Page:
Government has for a very long time provided for people, in terms of housing and income support, so people expect the government to look after them – it’s such a hard mentality to turn around. Until we can get people to be a little bit more resilient and self-reliant, we’re going to be struggling with the provision of services.

Are there any other key election issues you think would-be candidates should be addressing?

Avens is also a huge issue for me. The lack of recognition of the need for facilities for seniors right across the territory is really galling me. I think the department recognizes it, but they don’t accept the numbers that are coming from Avens. I know it’s expensive, but you’ve got an organization like Avens that’s basically saying, ‘promise us a revenue stream, we’ll build it, we’ll get the mortgage, we just need to know we’ll get this revenue,’ and yet the government hasn’t committed yet. And that’s a problem for me. We’ve got all these people who built Yellowknife and they got nowhere to go towards the end of their lives.

The capital demands we have are pretty huge, and that’s another area I kind of find fault with what we’re doing. We spend so many millions on roads, but do we really need to spend all that money there? The Department of Transportation will tell you yes, because the roads are falling apart. But I wonder.

With you and Bob Bromley stepping away from politics are you worried that there will be no strong progressive voices in the legislative assembly?

It depends who gets elected. There’s some people who’ve said that they’re going to run who I know have the social view that Bob and I have had.

One of the things that really disappointed me is that we had no female representation in cabinet this last cabinet. If we get most of the same people we have now, it may be a problem. I’m on the record saying I will assist any female candidate who is running. Talk to me and I’ll help you do whatever.

Why are there are so few women in territorial politics?

There’s a whole bunch of things that contribute. Part of it is culture in many communities where this isn’t considered a job for women. Part of it is that women are generally the family caregivers and if you don’t have a supportive husband or if you’re on your own, what are you going to do with your kids?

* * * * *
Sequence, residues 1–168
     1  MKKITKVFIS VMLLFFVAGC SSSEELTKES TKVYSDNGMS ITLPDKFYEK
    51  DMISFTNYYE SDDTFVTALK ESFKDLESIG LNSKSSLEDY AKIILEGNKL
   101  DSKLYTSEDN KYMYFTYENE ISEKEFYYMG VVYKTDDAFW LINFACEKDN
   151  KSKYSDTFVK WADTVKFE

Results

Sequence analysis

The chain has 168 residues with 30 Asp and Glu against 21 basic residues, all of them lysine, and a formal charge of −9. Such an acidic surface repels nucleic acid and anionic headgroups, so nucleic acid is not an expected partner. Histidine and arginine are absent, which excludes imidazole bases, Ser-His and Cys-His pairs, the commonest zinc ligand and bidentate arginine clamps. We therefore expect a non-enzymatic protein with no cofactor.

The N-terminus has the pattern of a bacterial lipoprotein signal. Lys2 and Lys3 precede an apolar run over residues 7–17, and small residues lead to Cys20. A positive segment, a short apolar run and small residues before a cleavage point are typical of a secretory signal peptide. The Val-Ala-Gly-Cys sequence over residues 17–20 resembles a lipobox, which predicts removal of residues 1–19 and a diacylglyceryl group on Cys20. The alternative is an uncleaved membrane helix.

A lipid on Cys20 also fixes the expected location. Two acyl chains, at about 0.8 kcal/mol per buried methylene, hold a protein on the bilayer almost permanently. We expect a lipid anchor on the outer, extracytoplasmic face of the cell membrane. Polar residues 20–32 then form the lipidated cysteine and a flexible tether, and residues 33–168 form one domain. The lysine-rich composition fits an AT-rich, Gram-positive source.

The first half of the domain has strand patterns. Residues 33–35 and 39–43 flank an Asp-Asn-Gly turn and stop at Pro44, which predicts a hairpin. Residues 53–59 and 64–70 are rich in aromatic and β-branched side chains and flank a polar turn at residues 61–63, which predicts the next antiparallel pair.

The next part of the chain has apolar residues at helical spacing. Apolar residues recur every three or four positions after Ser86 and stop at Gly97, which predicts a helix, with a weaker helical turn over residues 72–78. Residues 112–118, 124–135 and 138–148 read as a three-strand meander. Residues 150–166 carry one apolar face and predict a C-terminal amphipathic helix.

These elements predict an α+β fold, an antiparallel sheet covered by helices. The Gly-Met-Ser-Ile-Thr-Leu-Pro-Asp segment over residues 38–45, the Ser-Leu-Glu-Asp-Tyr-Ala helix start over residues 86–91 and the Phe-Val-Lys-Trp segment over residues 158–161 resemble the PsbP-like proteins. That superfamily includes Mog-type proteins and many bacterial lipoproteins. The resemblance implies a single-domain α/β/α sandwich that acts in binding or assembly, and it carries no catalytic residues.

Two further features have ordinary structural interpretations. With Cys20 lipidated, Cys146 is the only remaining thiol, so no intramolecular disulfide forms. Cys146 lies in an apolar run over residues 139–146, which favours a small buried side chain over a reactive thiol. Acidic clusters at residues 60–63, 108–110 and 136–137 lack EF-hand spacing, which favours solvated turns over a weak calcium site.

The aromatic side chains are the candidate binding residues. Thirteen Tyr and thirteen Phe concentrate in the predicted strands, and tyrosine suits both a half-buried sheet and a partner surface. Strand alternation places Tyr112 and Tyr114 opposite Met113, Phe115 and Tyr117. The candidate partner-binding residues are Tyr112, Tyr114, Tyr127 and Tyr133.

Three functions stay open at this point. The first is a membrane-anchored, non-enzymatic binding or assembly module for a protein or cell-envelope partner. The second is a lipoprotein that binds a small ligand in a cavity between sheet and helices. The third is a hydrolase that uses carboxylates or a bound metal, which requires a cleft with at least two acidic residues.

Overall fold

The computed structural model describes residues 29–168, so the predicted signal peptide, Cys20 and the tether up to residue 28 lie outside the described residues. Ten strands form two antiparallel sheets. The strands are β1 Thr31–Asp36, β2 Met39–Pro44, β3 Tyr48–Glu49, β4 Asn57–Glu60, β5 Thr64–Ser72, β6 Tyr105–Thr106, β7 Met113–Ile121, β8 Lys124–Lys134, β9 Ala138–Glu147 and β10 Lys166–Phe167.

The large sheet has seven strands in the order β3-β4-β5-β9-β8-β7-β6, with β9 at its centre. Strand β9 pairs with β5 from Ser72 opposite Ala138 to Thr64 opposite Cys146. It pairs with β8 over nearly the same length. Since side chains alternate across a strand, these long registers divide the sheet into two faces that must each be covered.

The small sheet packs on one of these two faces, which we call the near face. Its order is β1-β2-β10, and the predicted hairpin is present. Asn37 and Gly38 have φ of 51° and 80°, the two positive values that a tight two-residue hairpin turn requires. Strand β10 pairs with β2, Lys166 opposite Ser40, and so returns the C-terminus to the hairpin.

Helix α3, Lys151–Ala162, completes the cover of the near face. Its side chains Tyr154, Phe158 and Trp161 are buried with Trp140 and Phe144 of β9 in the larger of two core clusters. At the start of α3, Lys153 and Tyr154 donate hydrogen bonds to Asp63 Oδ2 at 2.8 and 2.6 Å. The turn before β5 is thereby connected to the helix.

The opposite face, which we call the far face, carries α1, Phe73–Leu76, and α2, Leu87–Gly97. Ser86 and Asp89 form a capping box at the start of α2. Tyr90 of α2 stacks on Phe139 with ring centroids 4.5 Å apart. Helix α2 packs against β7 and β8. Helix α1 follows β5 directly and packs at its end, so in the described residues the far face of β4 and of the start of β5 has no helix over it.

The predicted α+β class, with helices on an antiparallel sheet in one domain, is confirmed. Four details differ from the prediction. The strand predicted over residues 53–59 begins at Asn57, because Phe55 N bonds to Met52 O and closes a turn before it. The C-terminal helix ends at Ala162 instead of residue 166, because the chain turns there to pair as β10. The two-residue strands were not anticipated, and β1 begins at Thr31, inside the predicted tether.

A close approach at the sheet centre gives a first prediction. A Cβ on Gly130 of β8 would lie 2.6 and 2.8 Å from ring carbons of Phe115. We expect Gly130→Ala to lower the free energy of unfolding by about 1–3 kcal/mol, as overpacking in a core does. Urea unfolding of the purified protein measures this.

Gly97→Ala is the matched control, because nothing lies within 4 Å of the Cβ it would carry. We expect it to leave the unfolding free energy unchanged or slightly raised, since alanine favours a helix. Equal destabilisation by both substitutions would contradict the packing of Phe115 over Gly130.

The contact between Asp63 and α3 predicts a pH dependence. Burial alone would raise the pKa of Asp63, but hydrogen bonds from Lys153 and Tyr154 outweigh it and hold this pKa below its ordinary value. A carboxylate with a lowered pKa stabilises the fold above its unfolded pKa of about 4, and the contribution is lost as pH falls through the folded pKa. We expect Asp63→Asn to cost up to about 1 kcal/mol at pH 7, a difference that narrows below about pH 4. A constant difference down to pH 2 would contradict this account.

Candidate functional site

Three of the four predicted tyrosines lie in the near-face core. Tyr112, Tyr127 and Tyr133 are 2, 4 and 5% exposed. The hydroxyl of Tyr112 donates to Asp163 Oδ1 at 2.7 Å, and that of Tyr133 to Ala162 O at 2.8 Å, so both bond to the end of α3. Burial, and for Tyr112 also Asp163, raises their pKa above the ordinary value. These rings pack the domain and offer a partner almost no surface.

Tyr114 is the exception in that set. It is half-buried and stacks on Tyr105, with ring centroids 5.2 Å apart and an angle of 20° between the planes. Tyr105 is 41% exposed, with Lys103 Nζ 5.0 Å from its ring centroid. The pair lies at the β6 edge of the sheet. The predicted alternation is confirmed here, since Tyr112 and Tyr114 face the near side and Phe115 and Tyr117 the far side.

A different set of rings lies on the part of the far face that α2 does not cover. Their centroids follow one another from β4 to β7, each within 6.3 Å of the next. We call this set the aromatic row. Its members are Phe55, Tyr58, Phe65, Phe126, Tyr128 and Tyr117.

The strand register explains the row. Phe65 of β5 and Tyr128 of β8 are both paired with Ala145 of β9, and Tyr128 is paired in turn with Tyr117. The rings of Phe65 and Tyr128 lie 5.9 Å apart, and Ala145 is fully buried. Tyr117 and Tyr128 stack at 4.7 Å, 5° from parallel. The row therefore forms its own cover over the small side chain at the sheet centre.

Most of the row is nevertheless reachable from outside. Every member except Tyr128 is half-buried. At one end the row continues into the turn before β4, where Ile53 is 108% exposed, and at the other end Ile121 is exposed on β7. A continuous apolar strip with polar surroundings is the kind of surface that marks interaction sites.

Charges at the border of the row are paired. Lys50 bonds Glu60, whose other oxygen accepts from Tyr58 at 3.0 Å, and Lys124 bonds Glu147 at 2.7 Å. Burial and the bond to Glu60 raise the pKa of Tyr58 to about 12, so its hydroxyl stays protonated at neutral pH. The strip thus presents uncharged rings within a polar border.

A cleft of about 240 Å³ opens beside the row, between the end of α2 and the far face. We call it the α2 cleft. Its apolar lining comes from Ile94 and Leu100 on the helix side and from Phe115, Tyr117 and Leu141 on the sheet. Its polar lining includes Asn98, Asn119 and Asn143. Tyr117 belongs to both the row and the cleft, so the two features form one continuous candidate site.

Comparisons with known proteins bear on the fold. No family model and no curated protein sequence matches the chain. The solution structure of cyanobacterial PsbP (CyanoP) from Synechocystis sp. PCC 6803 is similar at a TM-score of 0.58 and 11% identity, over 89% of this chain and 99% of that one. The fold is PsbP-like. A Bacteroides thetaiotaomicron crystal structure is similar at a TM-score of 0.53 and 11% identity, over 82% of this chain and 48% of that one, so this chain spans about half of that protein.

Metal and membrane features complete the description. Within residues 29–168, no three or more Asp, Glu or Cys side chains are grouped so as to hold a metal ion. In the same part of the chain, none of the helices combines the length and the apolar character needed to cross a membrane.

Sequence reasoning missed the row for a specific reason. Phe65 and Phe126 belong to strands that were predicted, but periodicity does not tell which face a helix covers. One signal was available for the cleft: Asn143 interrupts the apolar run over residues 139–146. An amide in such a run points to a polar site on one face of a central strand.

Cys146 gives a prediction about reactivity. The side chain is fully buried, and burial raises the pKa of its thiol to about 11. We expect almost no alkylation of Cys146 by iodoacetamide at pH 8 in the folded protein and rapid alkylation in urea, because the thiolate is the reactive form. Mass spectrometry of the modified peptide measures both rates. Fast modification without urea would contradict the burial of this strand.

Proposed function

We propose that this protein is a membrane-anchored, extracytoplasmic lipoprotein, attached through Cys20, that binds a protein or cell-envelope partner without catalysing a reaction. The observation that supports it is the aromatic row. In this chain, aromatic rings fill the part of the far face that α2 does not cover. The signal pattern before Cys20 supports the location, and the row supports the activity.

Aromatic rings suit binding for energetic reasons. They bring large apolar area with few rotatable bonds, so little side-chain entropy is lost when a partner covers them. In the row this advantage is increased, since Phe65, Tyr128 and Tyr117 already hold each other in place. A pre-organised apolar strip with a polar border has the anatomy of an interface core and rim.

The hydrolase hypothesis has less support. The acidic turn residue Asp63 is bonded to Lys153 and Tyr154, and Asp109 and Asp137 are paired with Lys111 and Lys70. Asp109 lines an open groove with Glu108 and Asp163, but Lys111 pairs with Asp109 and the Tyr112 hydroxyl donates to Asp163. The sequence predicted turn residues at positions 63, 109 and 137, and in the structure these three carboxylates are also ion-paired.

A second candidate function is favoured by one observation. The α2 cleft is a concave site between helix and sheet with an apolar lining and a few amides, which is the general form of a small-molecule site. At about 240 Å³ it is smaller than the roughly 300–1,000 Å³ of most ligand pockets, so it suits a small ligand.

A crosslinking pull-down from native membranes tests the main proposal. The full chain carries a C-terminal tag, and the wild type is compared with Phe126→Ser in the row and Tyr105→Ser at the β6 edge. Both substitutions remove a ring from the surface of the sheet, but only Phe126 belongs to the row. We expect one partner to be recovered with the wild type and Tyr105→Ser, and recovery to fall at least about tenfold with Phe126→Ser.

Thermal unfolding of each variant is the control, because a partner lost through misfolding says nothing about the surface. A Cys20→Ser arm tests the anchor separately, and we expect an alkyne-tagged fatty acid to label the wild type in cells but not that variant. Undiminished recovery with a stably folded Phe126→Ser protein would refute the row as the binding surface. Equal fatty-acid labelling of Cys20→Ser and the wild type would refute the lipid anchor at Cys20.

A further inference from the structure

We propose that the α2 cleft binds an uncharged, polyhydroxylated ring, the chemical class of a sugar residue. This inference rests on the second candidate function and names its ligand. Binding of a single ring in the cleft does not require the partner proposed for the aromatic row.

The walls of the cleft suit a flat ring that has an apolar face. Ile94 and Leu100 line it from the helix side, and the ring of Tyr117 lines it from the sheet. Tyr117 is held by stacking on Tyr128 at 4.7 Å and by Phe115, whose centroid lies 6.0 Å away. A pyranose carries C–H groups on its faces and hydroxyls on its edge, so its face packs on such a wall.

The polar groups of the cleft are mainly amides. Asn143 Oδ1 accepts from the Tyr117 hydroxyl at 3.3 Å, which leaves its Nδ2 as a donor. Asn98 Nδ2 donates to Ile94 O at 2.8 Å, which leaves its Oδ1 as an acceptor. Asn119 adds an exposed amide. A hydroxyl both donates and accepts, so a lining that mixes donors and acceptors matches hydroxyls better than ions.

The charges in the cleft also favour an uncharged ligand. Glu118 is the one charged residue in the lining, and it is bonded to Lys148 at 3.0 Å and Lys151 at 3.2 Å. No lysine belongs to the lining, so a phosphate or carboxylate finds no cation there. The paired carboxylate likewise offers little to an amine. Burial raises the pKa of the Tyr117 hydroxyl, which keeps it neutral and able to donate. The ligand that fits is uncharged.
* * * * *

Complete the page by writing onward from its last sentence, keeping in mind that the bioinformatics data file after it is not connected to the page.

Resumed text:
The hours we sit are not conducive to anybody having a family, male or female and anybody from a community, they have to travel here and they’re leaving their family at home. So if it’s a mom and two or three kids and she’s a single parent, then who’s looking after the kids? I also think it’s more difficult for women to raise money to run a campaign, and it’s expensive.

What could be done to change this?

The government could be more supportive, both financially and verbally, of women in general and women in government particularly. We have a lot of female deputy ministers, but that doesn’t seem to translate into the culture that it’s okay for women to run for office. Community culture is not going to change overnight, it’s going to take a really long time and I can accept that, but the government needs to support women more overtly. We do have a minister responsible for women, but the government isn’t out there saying how important it is that we have women doing X, Y and Z. There’s the campaign school of women run by the Status of Women Council, but they get little money from the government to do it.

Is there anyone you endorse for Frame Lake?

I’m not going to endorse anybody, but I am helping female candidates. I would love to endorse a bunch of people, but people shouldn’t be voting for somebody because I said so.

This interview has been edited for clarity.